If Chris Robshaw felt bereft at being an onlooker during the important rugby business of the summer – the winning Lions tour of Australia, the winning England tour of Argentina – it did not prevent him enjoying the trappings associated with captaining his country for the previous 18 months. "I've done some brilliant things," he said. "I went to Silverstone to meet Jenson Button; I played a round of golf with Rory McIlroy at Wentworth. It's been a hugely privileged position I've been in, and not for one second do you take stuff like that for granted because you know at any moment it could disappear. You enjoy it – but first and foremost you play rugby, don't you? You make sure you perform and hopefully you're winning."
Not this summer, though. The official line is that once Robshaw was overlooked by the Lions, his England and Harlequins coaches – Stuart Lancaster and Conor O'Shea respectively – ordered him to take a rest. Each would have had their reasons. O'Shea's Quins lost their Premiership semi-final last season at Leicester, when Robshaw was missing injured. Having since had a couple of beach holidays followed by a full pre-season programme, he is "fresh and ready to go" for next week's Aviva Premiership kick-off against Wasps at Twickenham.
Meanwhile Lancaster was able to try out new combinations and players – including Gloucester's fast-breaking, ball-scavenging openside Matt Kvesic and the bullocking Saracens No 8 Billy Vunipola – on a trip to South America where England won the Test series against an understrength Argentina 2-0. Tom Wood was captain, and many pundits see the Northampton back-rower as likely to retain the role when the national team meet in October ahead of the autumn internationals.
"Every season you want to be a better player and playing in a better team than you were last season," Robshaw said. "Everyone wants to be in that starting XV for England. [But] there's eight club games to play before England meet up and you've got to make sure you're playing well and you're fit. It's all about Harlequins at the moment. We've got five massive Premiership games from which we want to take momentum into Europe."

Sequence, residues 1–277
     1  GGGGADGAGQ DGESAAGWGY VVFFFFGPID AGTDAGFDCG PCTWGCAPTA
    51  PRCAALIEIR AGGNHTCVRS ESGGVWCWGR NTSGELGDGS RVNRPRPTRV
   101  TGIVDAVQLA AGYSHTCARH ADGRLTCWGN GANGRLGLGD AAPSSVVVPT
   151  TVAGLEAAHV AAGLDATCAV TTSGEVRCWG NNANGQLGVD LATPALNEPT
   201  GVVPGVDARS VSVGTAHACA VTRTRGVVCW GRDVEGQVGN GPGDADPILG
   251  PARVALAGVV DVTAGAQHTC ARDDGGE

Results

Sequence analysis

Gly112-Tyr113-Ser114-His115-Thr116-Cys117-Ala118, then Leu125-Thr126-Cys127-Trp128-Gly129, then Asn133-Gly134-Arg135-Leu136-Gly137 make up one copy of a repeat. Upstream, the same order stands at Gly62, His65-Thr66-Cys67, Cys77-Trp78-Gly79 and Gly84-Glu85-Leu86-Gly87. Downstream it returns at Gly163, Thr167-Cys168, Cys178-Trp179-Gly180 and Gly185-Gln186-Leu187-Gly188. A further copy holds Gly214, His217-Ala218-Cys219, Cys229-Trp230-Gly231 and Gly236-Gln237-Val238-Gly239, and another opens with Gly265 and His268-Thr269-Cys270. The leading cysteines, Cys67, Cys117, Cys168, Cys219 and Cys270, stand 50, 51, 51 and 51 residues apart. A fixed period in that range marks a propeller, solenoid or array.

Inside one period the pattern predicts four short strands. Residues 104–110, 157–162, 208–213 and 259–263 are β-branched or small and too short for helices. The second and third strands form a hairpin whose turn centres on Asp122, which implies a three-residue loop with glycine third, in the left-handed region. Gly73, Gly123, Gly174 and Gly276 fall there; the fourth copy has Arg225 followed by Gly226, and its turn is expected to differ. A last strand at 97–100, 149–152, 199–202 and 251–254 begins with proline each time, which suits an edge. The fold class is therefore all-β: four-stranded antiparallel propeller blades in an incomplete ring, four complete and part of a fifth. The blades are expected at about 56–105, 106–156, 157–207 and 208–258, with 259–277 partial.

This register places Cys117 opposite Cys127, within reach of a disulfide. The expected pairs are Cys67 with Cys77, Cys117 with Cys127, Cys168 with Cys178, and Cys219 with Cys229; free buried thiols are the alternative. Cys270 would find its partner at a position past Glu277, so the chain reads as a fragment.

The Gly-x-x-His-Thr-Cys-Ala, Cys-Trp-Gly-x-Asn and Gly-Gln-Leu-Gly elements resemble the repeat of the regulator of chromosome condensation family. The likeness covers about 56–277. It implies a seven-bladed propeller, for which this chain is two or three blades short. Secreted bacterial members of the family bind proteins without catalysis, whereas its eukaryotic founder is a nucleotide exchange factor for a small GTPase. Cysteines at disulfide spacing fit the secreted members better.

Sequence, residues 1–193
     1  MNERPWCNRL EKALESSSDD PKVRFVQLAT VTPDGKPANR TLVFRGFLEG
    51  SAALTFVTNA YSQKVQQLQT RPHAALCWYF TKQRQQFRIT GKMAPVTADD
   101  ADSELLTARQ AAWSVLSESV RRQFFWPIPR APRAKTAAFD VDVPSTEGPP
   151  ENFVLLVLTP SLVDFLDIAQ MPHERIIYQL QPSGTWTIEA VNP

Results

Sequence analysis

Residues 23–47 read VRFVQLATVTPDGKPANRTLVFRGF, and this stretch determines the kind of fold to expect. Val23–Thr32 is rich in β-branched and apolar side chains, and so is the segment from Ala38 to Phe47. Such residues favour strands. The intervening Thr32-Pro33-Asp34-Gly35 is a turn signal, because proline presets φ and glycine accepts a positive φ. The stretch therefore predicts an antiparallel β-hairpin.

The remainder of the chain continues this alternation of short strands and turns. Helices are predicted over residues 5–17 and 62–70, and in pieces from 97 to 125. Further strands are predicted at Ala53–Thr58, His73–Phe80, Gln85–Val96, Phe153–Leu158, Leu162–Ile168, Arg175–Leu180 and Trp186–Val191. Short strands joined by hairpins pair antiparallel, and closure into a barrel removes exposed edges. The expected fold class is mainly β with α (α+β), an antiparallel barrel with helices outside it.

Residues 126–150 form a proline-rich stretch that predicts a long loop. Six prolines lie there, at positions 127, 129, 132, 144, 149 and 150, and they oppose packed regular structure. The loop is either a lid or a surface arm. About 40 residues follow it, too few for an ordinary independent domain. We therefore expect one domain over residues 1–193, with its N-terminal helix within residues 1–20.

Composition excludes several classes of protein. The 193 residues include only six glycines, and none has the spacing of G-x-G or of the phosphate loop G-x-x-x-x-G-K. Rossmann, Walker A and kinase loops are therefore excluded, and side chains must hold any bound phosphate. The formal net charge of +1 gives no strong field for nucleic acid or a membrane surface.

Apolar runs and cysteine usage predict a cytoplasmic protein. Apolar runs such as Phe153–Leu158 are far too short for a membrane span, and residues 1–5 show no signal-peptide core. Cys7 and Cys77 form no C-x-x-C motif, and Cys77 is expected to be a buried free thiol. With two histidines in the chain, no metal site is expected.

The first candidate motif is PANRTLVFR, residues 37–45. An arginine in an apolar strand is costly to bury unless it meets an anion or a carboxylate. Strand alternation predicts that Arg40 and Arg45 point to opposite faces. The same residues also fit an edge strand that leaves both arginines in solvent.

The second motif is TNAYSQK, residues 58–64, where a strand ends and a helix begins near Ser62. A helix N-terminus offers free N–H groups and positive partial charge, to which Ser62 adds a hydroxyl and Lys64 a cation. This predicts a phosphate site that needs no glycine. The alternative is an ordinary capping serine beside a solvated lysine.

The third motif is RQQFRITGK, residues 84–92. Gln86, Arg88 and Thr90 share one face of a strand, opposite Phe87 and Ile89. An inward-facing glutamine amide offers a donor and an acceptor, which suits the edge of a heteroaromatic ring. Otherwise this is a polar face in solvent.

There is a little of the new-age, small-screen superstar about Robshaw – the hair crimped into a pyramid, the occasional red-carpet venture chaperoning his opera singer girlfriend Camilla Kerslake – but a hell of lot more of the archetype of the English flanker who has toiled the turf of English public schools (he went to Millfield) and London clubs for decades longer than BT ever fought Sky over rugby TV rights. Nostrils flared, knees pumping, stout heart beating, Robshaw is as likely to smash an opponent in the tackle in the 80th minute as in the first.
The 27-year-old Harlequin's problem is not a lack of quality; just that as an all-rounder, he may not hold down any of the jerseys numbered six, seven and eight when everyone is available. That was certainly the verdict against him with the Lions' coach Warren Gatland. A clutch of occasions when Robshaw's decision-making was questioned in its correctness and decisiveness did not help, although he will forever have a famous victory over the All Blacks among his 10 wins and six losses as England captain.
BT are paying around £100m to broadcast live Premiership matches exclusively for the next four years. The newbies promise cameras in dressing rooms and player interviews at half-time but these are voluntary on the clubs' part, and Harlequins have declined both ideas. Instead Mark Mapletoft, the 2012 champions' backs coach, will speak during next Saturday's match against Wasps.
Robshaw cut to the obvious flaw if anyone is expecting in-depth revelations. "A player interview could be interesting," he said. "But it could potentially give you an angle on the other team.
"We're not doing it but if we're playing Leicester, say, and I come off and go, 'Oh, they've exploited us loads around the wingers and we're struggling', someone on their side will hear it and say, 'we'll keep doing it because they can't deal with it'."